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“The scholar never fully knows in advance where his line of thought will lead him. For the Christian to undertake scholarship is to undertake a course of action that may lead him into the painful process of revising his actual Christian commitments, sorting through his beliefs, and discarding some from a position where they can any longer function as control. It may, indeed, even lead him to a point where his authentic commitment has undergone change. We are profoundly historical creatures.”

(Nicholas Wolterstorff, Reason within the Bounds of Religion2nd Edition; Grand Rapids: Eerdmans, 1984, 1999 Reprint, pp. 96 and 97.)

If you don’t know who Nicholas Wolterstorff is, let us all pause for a moment to personally welcome you to the twenty-first century and the world of high-octane contemporary Christian thought (click here). And I like it when smart people agree with me (or I with them, whatever).

Stretching your mind may lead you to revise what you believe.

You can dismiss what I say, but first look at the picture on the left. Doesn’t Wolterstorff look like a philosopher, someone you don’t want to get into an argument with? Exactly.

Wolterstorff is talking about Christian scholarship, but his comment holds for all Christians who undertake a serious and honest study of their faith, the world around them, and how in heaven’s name the two can get along.

Some of us (show of hands, please) are more apt to explore our faith than think of ways of preserving it. Our intellectual exploration is unavoidably wrapped up in our own spiritual growth. The two work together. Our minds may challenge our faith, but to do the latter without the former is unthinkable—like asking a carpenter to stop using nails and screws.

Sometimes thinking clearly and deeply changes what you believe, and that does not make baby Jesus cry. Neither does it cue the seventh trumpet of judgment or kick over the seventh bowl of God’s wrath in the Book of Revelation.

Some of us are just made that way. And God can handle it.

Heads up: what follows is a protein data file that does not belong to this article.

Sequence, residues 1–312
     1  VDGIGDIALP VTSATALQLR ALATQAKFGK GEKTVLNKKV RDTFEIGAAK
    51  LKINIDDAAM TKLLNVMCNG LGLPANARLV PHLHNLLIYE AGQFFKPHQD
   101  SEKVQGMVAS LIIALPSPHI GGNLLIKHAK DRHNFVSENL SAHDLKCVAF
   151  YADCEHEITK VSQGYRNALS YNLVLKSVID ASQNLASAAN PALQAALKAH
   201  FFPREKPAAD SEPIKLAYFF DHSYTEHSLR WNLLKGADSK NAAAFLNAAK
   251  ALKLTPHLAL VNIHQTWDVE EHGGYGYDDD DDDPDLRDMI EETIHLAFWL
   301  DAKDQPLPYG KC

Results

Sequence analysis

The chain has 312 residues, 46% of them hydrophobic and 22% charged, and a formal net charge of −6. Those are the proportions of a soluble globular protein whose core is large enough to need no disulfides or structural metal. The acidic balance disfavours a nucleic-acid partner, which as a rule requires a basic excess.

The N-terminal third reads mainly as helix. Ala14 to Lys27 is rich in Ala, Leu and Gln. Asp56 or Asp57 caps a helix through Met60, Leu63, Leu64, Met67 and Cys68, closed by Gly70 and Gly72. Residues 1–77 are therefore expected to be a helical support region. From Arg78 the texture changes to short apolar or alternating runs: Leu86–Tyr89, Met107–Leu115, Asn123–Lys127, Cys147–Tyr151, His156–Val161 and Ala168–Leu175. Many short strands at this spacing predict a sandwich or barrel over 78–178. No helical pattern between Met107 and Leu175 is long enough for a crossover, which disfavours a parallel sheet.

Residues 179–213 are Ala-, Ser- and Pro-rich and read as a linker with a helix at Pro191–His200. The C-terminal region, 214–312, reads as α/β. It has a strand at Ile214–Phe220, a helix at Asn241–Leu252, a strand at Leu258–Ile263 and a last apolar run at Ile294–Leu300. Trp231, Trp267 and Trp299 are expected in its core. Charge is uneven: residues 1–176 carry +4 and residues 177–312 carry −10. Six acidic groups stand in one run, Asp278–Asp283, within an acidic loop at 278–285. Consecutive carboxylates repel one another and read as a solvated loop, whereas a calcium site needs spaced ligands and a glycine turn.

Maybe the process of change Wolterstorff describes isn’t the big problem the church has to avoid at all costs. Maybe it helps the church.

Maybe changing our minds on some things—even on points where our “authentic commitment undergoes change”—is part of what it means to be a thinking Christian.

And maybe it would help a lot if our churches understood that and supported those of us who are wired this way as a needed presence in the church.

Maybe there’s more to this Christianity business than making sure we don’t wander off of the beach blanket.

That’s what Wolterstorff thinks, anyway. I wouldn’t mess with him if I were you.

***The original version of this post appeared in March 2012. The main books where I attempt my own merger of faith and thought are How the Bible Actually Works (HarperOne, 2019), The Bible Tells Me So (HarperOne, 2014),  The Sin of Certainty (HarperOne, 2016), Inspiration and Incarnation (Baker 2005/2015) and  The Evolution of Adam (Baker, 2012). All these books are guaranteed to make you think or your money back (please contact the publishers directly), and I’m pretty sure God wants you to read them. Or at least buy them.***

[Comments are moderated so please be patient until they appear. It can take me several hours or even a day before I can get to them. It all depends on my Netflix schedule.]

Pete Enns, Ph.D.

Peter Enns (Ph.D., Harvard University) is Abram S. Clemens professor of biblical studies at Eastern University in St. Davids, Pennsylvania. He has written numerous books, including The Bible Tells Me So, The Sin of Certainty, and How the Bible Actually Works. Tweets at @peteenns.